If, in printing or copying machines, the toner is transported with the aid of a pneumatic transport device, a toner recycling device can be arranged in the transport device in a simple and functionally reliable manner, said toner recycling device separating the recyclable toner from the sucked up accumulation or excess toner and feeding it anew to the developer station. Dirt particles and other particles having a negative influence on the printing quality are separately removed. Hence, the operating time of the machine with a predetermined toner supply is extended in an advantageous manner, without said toner supply having to be frequently renewed. The accumulating quantity of non-recyclable toner and of dirt particles is reduced to a minimum.

The pneumatic transport device can simultaneously be used for the purpose of removing and collecting other particles disturbing the printing operation, such as rubbed-off paper or stamping particles, from the units necessary for the paper transport, such as for example the paper brake. By means of the pneumatic transport, both the control of the feed of fresh toner end also the control of the feedback of the cleaned toner into the developer station are simplified and not susceptible to faults. Since vacuum prevails continuously in the transport system, no toner dust can emerge and soil the machine, even in the event of leaks in the system. The entire toner handling is significantly simplified.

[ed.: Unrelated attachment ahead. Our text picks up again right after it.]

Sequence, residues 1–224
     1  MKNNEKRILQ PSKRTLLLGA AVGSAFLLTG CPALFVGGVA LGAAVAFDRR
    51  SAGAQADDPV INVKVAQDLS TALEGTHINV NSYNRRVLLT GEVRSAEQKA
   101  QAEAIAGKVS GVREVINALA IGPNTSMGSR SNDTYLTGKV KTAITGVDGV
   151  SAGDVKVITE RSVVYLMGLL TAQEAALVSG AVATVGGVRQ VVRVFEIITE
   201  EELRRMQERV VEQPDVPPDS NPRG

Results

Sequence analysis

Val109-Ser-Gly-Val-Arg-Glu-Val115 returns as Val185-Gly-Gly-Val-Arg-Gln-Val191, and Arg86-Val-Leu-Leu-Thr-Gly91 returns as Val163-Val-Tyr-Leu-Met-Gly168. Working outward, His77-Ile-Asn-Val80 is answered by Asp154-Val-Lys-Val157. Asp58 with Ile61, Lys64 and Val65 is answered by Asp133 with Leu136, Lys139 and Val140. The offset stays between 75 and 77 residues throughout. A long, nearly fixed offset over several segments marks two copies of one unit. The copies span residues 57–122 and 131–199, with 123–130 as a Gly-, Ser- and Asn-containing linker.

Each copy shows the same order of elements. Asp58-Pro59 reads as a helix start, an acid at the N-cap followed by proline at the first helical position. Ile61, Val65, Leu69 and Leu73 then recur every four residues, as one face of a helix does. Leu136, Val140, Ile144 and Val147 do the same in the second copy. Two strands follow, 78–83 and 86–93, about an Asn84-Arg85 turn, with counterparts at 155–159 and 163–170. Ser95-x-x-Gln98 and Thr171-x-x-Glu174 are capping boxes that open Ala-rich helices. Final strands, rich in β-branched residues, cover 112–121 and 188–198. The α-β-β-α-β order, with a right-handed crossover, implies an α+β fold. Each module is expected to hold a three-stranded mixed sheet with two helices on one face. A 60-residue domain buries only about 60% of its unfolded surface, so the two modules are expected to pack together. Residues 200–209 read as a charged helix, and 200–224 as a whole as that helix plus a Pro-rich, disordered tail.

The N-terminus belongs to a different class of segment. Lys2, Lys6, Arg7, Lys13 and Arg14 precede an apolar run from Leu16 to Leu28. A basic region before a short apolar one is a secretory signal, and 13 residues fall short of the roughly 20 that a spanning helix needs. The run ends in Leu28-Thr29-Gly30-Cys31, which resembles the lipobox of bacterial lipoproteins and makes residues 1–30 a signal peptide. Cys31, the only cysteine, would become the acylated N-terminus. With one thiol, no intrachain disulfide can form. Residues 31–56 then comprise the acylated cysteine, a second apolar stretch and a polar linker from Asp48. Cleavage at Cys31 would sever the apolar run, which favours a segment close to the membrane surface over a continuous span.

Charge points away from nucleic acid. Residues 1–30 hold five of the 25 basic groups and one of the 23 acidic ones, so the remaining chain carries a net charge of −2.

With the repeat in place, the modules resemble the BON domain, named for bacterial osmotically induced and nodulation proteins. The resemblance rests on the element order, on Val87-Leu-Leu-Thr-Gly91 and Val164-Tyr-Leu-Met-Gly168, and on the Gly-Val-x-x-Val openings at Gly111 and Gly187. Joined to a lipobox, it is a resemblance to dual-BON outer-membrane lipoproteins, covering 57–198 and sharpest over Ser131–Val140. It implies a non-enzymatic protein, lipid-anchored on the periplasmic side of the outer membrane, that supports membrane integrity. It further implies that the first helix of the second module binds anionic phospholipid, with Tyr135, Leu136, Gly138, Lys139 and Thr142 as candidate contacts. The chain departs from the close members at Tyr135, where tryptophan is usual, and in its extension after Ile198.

In an advantageous embodiment of the invention, the toner recycling device is designed as an independent, exchangeable constructional unit. In the event of particularly high requirements on the printing quality, a catchbox for the accumulated toner can be arranged in a simple manner instead of the toner recycling device. The toner recycling device can be arranged anywhere in the machine. Since, in addition, the quantity of the accumulated residual toner is detected by measurement, a feeding back of the toner as a function of the residual toner accumulation can be carried out.

The particle filter serving for the separation is automatically cleaned, without it being necessary for this purpose to remove the filter from the machine. The pneumatic filter device serves both for the supply of fresh toner to the developer station and for feeding back the toner. Hence, a pneumatic transport system already present for fresh toner can be expanded, without significant and complicated constructional changes, as a function of the requirements on the machine, by means of a toner feedback device. The technical cost for a toner feedback system is significantly reduced. Since the developer station is supplied with toner in a controlled manner via a two-way valve, on the one hand from a supply container for fresh toner, on the other hand from an intermediate container for recyclable toner corresponding to the fresh toner, the toner supply is buffered. The supply of fresh toner and the intermixing of regained toner can thus be controlled as a function of the operating condition. A suddenly occurring impoverishment of toner in the developer station because of high toner use can easily be compensated for. The use of electrically conductive material for the duct system prevents an uncontrolled charging up of the toner during transport.